Investors are flocking to America’s mega landlords, drawn by signs the companies that emerged from last decade’s foreclosure crisis owning huge pools of rental houses are weathering the economic shutdown far better than feared. Many also expect that the coronavirus pandemic will make suburban single-family homes both more desirable and more difficult to buy for even the relatively well-heeled...

Rental executives say some recent move-ins chose to rent instead of buy given the economic uncertainty. Others have leased houses to get out of apartment buildings, given the contamination risks associated with close living.
There's been anecdotal evidence of fed-up San Franciscans leaving the City for open spaces, and we expect that future tax and payroll data will confirm this suspicion.

A month ago we wrote:
Post-war Levittown, PA (photo: J Reps)
Here is a pretty safe prediction about attitudinal change and consequential action: the urban model is passé. Mass transit is dangerous. The risks of city living are too high for children. The flight to the suburbs and rural areas will accelerate because living there is not only safer but cheaper.

The suburbs boomed after World War II changed the country. COVID-19 is likely to have the same effect.
At the time we hadn't mentioned commercial real estate, but a similar decline appears inevitable. Not only are weaker tenants defaulting, but financially stable companies are realizing that working from home requires much less office space. (Headline: Twitter announces work from home policy will continue indefinitely.)

The great San Francisco earthquake of 1906 destroyed real estate values. The coronavirus earthquake of 2020 will have a like effect, though few are aware that it's happening.

Thursday, May 14, 2020

Meat Prices: Trends Continue

Econ 101: more supply
means lower prices
Last week we noted how beef prices were rising faster than pork, despite the coronavirus having significantly affected all meat-processing capacity.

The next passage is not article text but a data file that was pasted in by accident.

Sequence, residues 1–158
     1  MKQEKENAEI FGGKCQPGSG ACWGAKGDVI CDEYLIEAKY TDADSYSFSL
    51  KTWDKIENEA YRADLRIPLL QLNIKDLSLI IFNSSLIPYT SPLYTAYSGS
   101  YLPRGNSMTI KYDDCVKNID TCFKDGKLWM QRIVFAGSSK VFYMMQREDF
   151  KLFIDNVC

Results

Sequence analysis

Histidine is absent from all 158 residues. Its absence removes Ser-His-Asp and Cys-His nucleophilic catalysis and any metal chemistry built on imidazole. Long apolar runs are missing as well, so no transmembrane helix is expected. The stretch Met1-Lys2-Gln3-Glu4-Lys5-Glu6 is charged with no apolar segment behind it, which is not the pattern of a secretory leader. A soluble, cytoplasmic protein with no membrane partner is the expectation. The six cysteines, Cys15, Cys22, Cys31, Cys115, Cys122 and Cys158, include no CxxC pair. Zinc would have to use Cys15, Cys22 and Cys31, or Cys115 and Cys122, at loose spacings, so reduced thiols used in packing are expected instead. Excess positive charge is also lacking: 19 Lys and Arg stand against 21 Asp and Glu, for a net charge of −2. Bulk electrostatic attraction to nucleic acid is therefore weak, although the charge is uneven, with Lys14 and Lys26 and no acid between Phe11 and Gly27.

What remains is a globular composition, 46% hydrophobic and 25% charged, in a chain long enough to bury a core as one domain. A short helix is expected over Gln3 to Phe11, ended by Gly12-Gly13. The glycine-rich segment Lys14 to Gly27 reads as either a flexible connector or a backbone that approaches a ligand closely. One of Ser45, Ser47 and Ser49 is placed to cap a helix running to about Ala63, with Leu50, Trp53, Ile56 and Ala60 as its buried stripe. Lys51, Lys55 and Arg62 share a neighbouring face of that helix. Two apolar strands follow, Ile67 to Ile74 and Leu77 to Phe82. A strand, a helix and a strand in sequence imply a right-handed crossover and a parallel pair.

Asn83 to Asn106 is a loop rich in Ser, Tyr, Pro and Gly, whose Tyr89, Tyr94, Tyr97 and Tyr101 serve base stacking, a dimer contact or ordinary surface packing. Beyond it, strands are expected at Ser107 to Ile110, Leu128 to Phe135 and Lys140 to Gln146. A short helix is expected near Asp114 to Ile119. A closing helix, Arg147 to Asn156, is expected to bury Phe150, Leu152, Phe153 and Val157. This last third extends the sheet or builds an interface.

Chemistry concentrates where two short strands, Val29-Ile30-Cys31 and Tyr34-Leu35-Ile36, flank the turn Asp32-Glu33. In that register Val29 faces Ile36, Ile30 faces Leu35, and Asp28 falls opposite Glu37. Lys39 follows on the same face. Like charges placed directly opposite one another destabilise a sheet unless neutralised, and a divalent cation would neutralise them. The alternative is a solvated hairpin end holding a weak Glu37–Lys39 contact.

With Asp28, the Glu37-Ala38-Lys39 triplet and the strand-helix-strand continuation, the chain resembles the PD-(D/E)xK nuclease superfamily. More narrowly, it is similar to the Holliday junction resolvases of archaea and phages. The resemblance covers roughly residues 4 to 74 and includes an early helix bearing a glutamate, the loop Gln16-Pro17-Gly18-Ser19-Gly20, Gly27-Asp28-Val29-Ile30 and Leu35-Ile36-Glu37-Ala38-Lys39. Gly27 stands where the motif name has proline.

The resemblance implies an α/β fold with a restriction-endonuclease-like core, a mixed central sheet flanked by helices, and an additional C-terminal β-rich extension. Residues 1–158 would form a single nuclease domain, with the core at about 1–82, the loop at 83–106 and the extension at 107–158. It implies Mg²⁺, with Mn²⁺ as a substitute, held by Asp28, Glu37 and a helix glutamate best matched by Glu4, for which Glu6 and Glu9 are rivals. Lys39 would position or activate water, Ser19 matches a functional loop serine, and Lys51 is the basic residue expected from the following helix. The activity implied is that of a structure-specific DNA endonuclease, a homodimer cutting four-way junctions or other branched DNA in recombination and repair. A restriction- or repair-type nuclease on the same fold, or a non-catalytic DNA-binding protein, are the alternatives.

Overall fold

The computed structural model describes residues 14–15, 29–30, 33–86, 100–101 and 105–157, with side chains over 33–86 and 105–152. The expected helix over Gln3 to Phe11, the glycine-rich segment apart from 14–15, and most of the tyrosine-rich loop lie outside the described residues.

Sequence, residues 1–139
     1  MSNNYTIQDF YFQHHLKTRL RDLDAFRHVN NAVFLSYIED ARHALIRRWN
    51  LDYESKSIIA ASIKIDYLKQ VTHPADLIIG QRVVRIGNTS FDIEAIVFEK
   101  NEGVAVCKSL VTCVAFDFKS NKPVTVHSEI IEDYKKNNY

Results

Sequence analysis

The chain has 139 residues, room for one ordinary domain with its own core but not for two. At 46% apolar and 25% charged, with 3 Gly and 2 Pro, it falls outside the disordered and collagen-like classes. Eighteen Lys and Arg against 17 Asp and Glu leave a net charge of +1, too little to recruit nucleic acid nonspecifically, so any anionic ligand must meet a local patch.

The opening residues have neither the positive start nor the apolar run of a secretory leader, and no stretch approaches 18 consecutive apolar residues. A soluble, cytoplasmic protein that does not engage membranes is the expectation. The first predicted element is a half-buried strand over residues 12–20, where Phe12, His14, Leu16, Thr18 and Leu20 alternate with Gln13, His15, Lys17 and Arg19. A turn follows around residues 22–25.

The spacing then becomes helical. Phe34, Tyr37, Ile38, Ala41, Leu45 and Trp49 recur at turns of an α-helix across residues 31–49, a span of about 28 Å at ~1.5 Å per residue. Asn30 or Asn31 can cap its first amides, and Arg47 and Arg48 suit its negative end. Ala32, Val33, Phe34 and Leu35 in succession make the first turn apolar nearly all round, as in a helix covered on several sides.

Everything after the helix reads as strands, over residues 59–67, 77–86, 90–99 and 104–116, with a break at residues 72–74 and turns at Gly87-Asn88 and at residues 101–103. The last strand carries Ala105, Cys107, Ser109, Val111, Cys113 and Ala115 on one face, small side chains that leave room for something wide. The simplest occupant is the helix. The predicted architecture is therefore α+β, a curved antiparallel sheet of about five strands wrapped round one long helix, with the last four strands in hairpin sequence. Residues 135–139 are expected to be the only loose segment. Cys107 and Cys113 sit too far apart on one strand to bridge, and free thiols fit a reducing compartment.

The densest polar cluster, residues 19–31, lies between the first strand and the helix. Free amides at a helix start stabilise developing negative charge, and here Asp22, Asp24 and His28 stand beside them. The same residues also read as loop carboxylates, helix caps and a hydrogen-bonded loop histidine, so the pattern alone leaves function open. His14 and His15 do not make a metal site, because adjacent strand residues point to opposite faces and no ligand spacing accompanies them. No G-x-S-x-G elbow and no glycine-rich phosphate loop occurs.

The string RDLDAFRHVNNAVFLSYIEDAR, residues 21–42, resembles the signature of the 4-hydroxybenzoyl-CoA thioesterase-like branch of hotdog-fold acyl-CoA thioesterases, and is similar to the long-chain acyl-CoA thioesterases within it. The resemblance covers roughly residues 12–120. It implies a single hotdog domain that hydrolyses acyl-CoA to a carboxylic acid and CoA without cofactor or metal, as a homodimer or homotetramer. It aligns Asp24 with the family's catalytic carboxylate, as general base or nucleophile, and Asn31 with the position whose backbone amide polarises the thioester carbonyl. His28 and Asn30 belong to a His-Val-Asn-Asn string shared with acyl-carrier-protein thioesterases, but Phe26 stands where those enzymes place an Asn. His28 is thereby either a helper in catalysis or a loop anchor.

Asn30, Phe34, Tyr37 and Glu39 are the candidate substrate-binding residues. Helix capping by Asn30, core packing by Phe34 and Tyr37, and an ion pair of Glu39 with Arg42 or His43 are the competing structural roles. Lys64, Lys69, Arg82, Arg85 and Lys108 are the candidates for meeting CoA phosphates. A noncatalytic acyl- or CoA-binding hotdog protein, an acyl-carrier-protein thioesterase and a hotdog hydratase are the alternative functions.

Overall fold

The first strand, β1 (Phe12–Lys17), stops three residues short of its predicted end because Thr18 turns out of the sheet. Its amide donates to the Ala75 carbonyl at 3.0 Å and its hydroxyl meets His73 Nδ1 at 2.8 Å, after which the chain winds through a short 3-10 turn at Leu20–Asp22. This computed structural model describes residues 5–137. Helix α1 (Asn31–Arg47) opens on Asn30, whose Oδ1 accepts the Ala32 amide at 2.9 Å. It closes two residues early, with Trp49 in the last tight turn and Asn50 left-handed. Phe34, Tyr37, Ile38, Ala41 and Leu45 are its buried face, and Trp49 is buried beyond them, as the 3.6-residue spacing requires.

Since then the pork belly has fallen by 80 cents to $2.99 a pound, while the 10-pound beef brisket had risen again to $4.99 / lb., double the price of last year.

The crisis of high beef prices is simultaneously the opportunity to prepare dishes that we would otherwise have never learned to cook. Use your time wisely, grasshopper, for this crisis and opportunity may never come this way again.

Wednesday, May 13, 2020

Commercial Aviation: It's Worse Than You Think

The Kinsley Gaffe--defined as politicians saying a truth that they had not intended to reveal (for example, what they really thought about some of their supporters)--is a political term, but it can apply equally to business leaders. For example, here's Boeing CEO David Calhoun: [bold added]
Now he smiles rarely (Chicago Trib)
Boeing’s report came as Chief Executive David Calhoun painted a dire near-term outlook for the airline industry, saying growth wouldn’t likely return to 2019 levels for three to five years.

Mr. Calhoun told NBC’s “Today” show that passenger traffic won’t be up to 25% of pre-pandemic levels by September, possibly approaching 50% by the end of the year.

He predicted the collapse of air-travel demand would “most likely” force a major U.S. carrier to go out of business.
Mr. Calhoun and Boeing have been trying to walk back his statement that United, American, or Delta will go out of business, but that's what many analysts within the industry are already saying.

From an aviation webinar: how many companies will survive until 2023?

In "normal" aviation downturns, there are always some bright spots in the industry. For example carriers may postpone new deliveries but keep operating older airplanes intended for the scrap heap, and the MRO (maintenance, repair, and overhaul) sector of commercial aviation does well.

This time demand has fallen so drastically that old and new airplanes are being put in storage, which means that airplanes requiring multi-million dollar overhauls per FAA regulations are themselves parked and a new one pulled out of inventory. There's much lower demand for MRO in the next two years.

To an industry that operates on thin margins and high fixed costs and debt, conditions are the worst that anyone can recall (9/11 was a blip compared to COVID-19). The number of players who have cash and credit resources to survive until 2023 is minuscule.

I'm glad to be retired.